When 84 percent of the voters turned out in the first round of the French presidential election Sunday, they proclaimed that a battle was on for the soul of France. Both Left and Right voted in such large numbers because they felt that the future direction of France was at stake.
The voters could well be wrong: Jacques Chirac, who now appears to be the personification of stagnation, won several elections as the candidate of change and reform. He then presided over exactly the same French “social model” — generous welfare provision, inflexible job security, state interventionism, anti-American foreign policy — that his Socialist opponents would have defended if they had been in office. Whoever won, it seemed, France would continue as before.
But the voters might just be right on this occasion. Until the final days of the campaign, Nicholas Sarkozy, the candidate of the Right, had presented himself as a genuinely determined reformer. He would give France more economic freedom and a more Atlanticist foreign policy. Sarkozy’s radicalism proved popular and pulled the other candidates in his reformist direction: The Left’s Ségolène Royal advocated a kinder, gentler version of reform, and the centrist François Bayroux flirted with an almost revolutionary proposal to close down the grandes écoles that train France’s haughty elites. As the election approached, however, and as Royal seemed to be catching up in the polls, Sarkozy softened his radicalism. France’s political inertia seemed once again to be extending its dead hand over the future.
Yesterday’s first-round results suggest that Sarkozy may have been needlessly cautious. He emerged with a clear lead of five percent over Royal. They now face each other in a two-party fight in two weeks. True, a battle between Sarkozy and Bayroux might have offered a more interesting contrast between two different approaches to reform. But the actual result represents French political reality. Royal’s moderate reformism is a coded defense of the French “social model.”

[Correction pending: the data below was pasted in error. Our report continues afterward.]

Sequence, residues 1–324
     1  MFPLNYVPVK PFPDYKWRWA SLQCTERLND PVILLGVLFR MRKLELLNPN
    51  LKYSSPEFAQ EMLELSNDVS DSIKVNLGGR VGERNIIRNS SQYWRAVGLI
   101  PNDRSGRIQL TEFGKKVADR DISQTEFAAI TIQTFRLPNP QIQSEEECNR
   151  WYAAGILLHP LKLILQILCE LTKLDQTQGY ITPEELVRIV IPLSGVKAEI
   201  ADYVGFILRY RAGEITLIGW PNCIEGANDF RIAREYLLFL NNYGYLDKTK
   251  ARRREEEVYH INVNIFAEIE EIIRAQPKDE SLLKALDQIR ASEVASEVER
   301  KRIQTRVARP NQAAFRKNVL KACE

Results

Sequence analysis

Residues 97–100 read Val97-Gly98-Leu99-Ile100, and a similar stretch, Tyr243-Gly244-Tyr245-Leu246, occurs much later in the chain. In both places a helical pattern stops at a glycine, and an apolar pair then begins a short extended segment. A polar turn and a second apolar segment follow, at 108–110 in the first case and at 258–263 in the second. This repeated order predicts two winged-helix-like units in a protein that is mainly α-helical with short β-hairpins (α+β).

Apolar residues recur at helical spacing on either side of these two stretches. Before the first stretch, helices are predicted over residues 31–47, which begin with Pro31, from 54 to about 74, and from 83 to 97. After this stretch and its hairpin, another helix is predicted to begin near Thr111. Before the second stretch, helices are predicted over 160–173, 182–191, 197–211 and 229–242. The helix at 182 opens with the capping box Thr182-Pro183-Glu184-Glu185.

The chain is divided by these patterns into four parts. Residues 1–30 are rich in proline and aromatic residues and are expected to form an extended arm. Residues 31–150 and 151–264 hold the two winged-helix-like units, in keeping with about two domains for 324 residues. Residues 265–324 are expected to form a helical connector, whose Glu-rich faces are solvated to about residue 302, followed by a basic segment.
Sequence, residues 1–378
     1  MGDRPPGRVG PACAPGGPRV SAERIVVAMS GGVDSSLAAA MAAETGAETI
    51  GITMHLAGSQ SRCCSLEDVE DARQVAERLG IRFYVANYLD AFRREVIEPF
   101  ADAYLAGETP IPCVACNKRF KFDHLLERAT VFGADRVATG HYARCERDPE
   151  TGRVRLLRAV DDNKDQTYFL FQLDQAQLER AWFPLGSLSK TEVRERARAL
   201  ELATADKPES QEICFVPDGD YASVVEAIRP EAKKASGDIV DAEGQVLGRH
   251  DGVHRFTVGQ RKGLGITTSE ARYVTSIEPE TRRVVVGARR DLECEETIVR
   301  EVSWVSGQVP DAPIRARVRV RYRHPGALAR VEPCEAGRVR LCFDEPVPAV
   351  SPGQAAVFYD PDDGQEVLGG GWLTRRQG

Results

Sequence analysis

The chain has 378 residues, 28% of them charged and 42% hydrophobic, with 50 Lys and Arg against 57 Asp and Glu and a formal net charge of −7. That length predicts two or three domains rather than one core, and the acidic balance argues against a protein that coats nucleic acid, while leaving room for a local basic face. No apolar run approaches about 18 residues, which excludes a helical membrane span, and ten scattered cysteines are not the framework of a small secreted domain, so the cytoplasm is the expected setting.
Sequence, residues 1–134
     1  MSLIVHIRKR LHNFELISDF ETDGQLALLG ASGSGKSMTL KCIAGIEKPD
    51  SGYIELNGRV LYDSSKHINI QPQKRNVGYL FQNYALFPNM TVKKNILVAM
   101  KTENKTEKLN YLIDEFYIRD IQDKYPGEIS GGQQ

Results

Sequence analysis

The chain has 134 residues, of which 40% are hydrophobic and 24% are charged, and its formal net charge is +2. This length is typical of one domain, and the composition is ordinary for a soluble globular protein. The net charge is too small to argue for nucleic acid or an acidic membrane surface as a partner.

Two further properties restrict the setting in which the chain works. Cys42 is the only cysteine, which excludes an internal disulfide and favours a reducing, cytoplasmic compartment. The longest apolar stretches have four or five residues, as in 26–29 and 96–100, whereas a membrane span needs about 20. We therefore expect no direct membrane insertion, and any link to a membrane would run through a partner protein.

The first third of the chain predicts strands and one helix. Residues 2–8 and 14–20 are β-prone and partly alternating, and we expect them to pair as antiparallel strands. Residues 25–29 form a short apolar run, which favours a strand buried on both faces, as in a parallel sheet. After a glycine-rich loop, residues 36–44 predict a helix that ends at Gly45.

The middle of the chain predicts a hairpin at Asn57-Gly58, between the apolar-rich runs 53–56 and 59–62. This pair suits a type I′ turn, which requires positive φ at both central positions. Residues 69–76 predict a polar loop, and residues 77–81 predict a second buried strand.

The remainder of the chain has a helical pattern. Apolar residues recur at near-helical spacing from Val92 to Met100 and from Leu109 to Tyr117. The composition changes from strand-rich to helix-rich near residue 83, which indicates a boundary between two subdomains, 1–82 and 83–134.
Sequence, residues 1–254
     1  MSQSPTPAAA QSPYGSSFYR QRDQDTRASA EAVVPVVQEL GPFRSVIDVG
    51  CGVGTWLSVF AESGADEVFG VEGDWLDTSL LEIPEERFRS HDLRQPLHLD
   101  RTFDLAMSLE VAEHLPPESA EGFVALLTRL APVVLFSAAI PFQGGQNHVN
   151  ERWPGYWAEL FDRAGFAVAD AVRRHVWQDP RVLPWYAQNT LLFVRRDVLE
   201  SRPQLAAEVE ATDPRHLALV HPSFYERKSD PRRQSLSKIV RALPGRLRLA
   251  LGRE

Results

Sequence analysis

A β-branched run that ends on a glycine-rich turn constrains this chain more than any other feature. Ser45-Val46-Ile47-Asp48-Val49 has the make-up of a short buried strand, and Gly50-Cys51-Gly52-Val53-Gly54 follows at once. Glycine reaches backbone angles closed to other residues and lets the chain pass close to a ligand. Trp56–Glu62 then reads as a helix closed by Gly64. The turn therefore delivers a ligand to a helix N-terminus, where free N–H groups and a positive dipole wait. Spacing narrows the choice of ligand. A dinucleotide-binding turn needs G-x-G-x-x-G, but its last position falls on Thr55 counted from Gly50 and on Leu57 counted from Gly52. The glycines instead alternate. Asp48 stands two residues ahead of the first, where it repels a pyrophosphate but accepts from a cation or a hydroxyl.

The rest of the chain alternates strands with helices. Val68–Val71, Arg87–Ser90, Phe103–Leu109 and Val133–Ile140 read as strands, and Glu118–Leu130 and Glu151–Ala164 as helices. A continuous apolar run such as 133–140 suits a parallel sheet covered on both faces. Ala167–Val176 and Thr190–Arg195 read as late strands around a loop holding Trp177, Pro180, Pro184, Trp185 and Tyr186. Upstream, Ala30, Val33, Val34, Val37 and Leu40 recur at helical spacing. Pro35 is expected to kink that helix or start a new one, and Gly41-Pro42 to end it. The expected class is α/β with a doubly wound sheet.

That model enjoys the support of something like half the population, if not more. There will now be a straight fight between reform and immobilization — and doubtless another high turnout for that reason.
Though Sarkozy starts with a slight advantage, the outcome is far from certain. The conservative can reasonably hope to win most of the National Front’s 11 percent. But the Socialist can equally reasonably expect to win most of the 15 percent that went to the extreme-Left Trotskyist and Green parties. If both trends pan out, Sarkozy’s margin of advantage will shrink considerably. All will depend, therefore, on how Bayroux’s 18 percent splits between Left and Right. And that is hard to forecast.
The centrist constituency is one that favors reform without tears. It wants a free market without losers, welfare without dependency, tax cuts without lower spending. An emollient conservative might paint a smiley face on tough reforms and get away with it. But Sarkozy, like Thatcher in Britain, has an abrasive personality that highlights his toughness rather than conceals it. Ségolène Royal, on the other hand, is unpersuasive as a reformer precisely because she is entirely
convincing as a smiley face. The battle lines are thus unusually sharp and well-defined. It is liberal economic reform versus socialist stagnation.
But economic reform alone is not enough to win electoral victories for conservative parties. It has to be coupled with other issues that concern those voters who may not gain quickly from free-market policies and may even initially lose from them. In France today these issues include crime, immigration, the Muslim challenge, loss of sovereignty to supra-national bodies, the divisive failure of multiculturalism, and the crumbling of national identity.
The National Front’s Jean-Marie Le Pen used to be the unrespectable champion of these issues. He lost ground yesterday precisely because other parties have now recognized their power and legitimacy and moved in on his territory. But they do so shamefacedly and without conviction. No major French politician has yet found the civilized and liberal language to discuss these issues intelligently without arousing fear and distaste. No French politician can today speak with the kind of unembarrassed patriotism that American leaders employ every day. No one has yet presented a fully worked out alternative to multiculturalism. This failure is odd because France’s traditional republican identity is particularly well-suited to incorporate ethnic and religious minorities without strain. Ségolène Royal is too compromised by the Left’s multiculturalism to discuss the revival and broadening of French republicanism with any plausibility. Sarkozy alone can do so — provided that his vision of France is inclusive rather than defensive. It is his great opportunity not only to win the election in two weeks but also to begin a revival of France that must go beyond the merely economic.